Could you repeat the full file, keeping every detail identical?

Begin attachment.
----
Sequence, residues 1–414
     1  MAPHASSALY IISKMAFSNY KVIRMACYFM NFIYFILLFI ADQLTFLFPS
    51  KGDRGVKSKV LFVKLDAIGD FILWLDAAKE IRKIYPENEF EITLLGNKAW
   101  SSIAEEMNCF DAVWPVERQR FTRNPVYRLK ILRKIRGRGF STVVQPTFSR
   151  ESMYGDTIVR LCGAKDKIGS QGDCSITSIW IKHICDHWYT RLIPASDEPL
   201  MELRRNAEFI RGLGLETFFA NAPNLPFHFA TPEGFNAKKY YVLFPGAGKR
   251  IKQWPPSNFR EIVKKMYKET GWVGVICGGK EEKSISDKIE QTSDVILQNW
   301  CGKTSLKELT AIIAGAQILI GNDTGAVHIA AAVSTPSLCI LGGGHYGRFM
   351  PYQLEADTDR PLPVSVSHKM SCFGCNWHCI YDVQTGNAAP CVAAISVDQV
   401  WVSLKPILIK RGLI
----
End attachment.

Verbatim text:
Sequence, residues 1–414
     1  MAPHASSALY IISKMAFSNY KVIRMACYFM NFIYFILLFI ADQLTFLFPS
    51  KGDRGVKSKV LFVKLDAIGD FILWLDAAKE IRKIYPENEF EITLLGNKAW
   101  SSIAEEMNCF DAVWPVERQR FTRNPVYRLK ILRKIRGRGF STVVQPTFSR
   151  ESMYGDTIVR LCGAKDKIGS QGDCSITSIW IKHICDHWYT RLIPASDEPL
   201  MELRRNAEFI RGLGLETFFA NAPNLPFHFA TPEGFNAKKY YVLFPGAGKR
   251  IKQWPPSNFR EIVKKMYKET GWVGVICGGK EEKSISDKIE QTSDVILQNW
   301  CGKTSLKELT AIIAGAQILI GNDTGAVHIA AAVSTPSLCI LGGGHYGRFM
   351  PYQLEADTDR PLPVSVSHKM SCFGCNWHCI YDVQTGNAAP CVAAISVDQV
   401  WVSLKPILIK RGLI